Developing A Diabetes Sick Day Plan

By Melinda D. Maryniuk, MEd, RD, CDE

When you are not feeling well, your blood glucose levels can rise, even if you have been sticking to a healthy diet. It’s important to have a plan in place for days when you feel sick or just off. Here are just a few examples of situations in which you may not feel your best

  • Common cold
  • Flu
  • Nausea, vomiting, diarrhea
  • Infection
  • Surgery
  • Dental work
  • Stress
  • Injury

Sick Day Plan:

Whenever you feel sick, it’s important to pay extra close attention to your glucose levels as they can change very quickly and unexpectedly. Follow these guidelines and talk with your healthcare provider about a specific plan for you…

Check blood glucose often. Check it 4 times a day for mild illness (like a cold) or every 3-4 hours for a more severe illness, such as the flu. Blood glucose can rise quickly when you are sick and you cannot always tell what’s happening just by how you are feeling. If glucose is over 250 mg/dl for two readings in a row, call your healthcare provider as you may need a change in your medications. 

Ask your healthcare provider if you need to check ketones. This is always important for people with type 1 diabetes and sometimes recommended for those with type 2. You may need to check if your blood glucose goes above 250 mg/dl.

Always take your diabetes medicine. When you are not feeling well, you may not feel like eating. However, it is important to keep taking your diabetes medicine regardless of your appetite (unless your healthcare provider tells you not to).

Drink plenty of fluids. Drink at least 6 to 8 ounces of water or other fluids every hour you’re awake to prevent dehydration. If you are unable to eat solid food, switch back and forth each hour between sugar-free drinks (like water, seltzer, tea, diet soda) and drinks containing carbohydrate (like juice, smoothies, and soups).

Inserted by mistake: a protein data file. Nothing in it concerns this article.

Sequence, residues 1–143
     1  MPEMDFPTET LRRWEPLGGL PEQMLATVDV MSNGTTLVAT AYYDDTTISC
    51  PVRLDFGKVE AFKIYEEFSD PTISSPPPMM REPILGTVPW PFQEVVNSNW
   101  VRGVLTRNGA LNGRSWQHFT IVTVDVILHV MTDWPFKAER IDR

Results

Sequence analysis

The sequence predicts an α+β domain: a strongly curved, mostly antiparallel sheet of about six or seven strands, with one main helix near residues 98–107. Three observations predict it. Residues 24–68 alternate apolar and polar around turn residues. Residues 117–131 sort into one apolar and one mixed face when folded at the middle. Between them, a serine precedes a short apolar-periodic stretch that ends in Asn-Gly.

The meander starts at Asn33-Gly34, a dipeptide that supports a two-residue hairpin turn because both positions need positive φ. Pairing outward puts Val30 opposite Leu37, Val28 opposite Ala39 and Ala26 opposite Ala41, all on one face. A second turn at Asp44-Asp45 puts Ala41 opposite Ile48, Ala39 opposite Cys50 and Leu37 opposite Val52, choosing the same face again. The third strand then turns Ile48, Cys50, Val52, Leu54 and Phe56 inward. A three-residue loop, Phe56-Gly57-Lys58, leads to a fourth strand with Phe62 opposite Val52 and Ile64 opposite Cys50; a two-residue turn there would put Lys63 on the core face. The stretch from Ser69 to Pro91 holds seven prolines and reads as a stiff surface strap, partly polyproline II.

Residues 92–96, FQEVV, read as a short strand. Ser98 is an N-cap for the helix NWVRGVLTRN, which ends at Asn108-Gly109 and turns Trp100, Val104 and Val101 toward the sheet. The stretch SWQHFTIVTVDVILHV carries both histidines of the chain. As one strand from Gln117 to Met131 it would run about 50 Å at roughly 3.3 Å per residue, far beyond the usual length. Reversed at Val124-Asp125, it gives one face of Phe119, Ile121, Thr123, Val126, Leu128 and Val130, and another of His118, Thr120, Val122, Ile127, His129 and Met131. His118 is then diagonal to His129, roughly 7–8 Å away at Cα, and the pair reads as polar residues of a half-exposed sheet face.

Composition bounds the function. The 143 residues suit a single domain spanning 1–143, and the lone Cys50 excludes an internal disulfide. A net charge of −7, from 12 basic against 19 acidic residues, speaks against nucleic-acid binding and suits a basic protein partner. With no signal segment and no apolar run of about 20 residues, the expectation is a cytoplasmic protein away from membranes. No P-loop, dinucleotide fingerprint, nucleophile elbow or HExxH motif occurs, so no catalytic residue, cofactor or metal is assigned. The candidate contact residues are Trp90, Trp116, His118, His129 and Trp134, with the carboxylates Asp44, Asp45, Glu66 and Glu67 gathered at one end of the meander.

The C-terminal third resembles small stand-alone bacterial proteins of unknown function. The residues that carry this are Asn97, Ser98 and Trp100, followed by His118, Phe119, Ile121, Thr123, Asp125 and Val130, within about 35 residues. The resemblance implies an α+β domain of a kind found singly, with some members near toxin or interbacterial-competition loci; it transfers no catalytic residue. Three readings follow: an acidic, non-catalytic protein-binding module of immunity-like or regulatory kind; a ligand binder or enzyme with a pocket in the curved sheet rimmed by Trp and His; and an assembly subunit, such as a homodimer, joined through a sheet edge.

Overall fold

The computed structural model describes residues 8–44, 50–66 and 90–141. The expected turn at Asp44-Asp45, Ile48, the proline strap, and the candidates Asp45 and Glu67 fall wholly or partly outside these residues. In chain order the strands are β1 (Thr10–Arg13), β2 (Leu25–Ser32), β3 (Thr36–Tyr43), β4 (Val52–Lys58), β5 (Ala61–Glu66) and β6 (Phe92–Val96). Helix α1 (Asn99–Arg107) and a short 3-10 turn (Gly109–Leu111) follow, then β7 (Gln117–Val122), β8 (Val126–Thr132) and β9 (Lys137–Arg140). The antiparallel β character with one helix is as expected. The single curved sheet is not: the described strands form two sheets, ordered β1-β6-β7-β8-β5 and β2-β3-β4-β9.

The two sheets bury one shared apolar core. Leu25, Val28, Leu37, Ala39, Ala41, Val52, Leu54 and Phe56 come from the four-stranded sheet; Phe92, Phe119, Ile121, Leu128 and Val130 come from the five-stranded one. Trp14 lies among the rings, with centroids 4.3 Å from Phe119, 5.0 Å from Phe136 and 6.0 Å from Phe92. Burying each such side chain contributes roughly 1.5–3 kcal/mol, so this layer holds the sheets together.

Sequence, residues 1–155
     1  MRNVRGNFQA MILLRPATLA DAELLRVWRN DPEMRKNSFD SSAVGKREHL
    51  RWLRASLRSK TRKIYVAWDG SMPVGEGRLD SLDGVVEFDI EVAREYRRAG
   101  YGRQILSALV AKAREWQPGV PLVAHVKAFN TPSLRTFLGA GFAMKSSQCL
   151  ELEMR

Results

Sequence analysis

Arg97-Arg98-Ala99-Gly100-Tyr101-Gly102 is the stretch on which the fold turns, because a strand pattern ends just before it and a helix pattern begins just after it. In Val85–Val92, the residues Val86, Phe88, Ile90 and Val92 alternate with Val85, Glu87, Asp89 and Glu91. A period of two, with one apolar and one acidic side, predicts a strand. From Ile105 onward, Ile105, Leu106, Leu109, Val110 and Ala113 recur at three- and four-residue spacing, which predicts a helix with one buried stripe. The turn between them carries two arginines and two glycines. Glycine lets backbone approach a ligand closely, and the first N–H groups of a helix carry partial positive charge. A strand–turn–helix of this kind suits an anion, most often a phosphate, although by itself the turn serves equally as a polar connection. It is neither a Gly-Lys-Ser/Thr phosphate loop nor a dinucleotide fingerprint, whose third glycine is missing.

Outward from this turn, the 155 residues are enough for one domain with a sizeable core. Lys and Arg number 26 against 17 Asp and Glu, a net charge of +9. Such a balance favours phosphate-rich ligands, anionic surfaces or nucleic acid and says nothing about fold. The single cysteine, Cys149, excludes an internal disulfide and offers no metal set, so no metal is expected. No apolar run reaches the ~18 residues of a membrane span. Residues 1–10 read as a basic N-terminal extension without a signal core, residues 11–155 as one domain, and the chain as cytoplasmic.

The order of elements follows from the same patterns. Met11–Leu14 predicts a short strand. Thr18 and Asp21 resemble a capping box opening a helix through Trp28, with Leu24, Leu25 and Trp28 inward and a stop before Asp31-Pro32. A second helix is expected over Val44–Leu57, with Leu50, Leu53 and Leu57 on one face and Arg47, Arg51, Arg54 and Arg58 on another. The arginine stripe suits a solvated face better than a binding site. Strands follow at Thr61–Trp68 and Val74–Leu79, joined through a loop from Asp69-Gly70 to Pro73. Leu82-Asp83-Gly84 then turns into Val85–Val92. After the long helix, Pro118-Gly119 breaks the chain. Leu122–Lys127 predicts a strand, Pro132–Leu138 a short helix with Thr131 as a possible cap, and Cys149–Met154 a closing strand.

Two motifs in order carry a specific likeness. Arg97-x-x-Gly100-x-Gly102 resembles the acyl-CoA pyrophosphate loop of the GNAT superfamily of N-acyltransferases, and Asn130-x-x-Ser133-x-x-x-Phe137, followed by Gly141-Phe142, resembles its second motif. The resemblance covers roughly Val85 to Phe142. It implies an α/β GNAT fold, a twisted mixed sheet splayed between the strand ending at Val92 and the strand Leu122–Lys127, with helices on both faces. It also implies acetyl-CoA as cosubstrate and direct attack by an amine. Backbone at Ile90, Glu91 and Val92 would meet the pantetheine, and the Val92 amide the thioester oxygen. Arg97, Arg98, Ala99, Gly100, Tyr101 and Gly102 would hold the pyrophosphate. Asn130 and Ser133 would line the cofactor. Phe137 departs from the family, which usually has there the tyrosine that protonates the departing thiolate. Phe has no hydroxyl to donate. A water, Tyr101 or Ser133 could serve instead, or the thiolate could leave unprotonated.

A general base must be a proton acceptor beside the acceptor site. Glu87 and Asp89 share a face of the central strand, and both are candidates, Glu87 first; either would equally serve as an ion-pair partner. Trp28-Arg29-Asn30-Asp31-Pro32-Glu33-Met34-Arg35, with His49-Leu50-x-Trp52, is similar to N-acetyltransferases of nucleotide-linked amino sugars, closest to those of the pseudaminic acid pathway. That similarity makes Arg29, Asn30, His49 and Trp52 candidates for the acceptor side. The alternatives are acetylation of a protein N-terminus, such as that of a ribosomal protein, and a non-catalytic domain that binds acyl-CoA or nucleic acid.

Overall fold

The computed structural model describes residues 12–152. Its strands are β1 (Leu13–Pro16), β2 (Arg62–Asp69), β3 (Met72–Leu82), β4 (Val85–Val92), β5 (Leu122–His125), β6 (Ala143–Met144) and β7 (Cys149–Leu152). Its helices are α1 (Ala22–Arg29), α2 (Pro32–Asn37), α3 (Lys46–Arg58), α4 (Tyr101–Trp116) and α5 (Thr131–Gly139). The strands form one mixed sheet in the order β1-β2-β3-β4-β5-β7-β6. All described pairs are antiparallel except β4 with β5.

Learn about easy-to-eat foods. When you don’t feel like eating your usual meals, it can still be important to get in some carbs to cover the medicines you’ve taken, especially insulin. Keep some foods handy specifically for a sick day emergency, such as plain crackers, oatmeal, broth based soups, applesauce, juice and popsicles. Talk with a dietitian to determine if you need a special sick day diet plan based on your diabetes medicines. 

Rest and keep warm. Don’t exercise too much. Have someone help take care of you. 

Know when to call for help. Never hesitate to call your doctor if you are worried, but pay particular attention to these signs & symptoms below…

  • Signs of dehydration such as dry mouth, cracked lips, sunken eyes, skin that is flushed and dry, or weight loss.
  • A fever of 100° or higher.
  • Vomiting or unable to keep fluids down.
  • Constant diarrhea.
  • Abdominal pain.
  • Chest pain.
  • Rapid, shallow breathing.
  • Blood glucose levels over 250 mg/dl for more than two readings with or without ketones.

Be prepared. Create a sick day supply kit. Talk with your healthcare provider or diabetes educator about what should be in your kit. This list offers some general ideas to get you started:

  • Extra glucose meter and strips (you’ll be checking more often)
  • Digital thermometer
  • Medicines to relieve symptoms of cold, flu, pain, fever or diarrhea
  • Sugar-free cough drops and cough syrups
  • Ketone strips (if needed)
  • Telephone numbers for healthcare provider
  • Easy to digest foods such as:
    • Sugar-free and regular gelatin
    • Store-bought or homemade popsicles
    • Low-sodium vegetable or chicken broth
    • Herbal, non-caffeinated tea
    • Soft drinks (sugar-free and regular, if needed to replace carbs)
    • Fruit juice
    • Applesauce
    • Bananas

The medical information on Diabetes – What To Know’s website is provided as an information resource only. The content is not in any way intended to be nor should you rely on it as a substitute for professional medical evaluation, diagnosis, advice and treatment.

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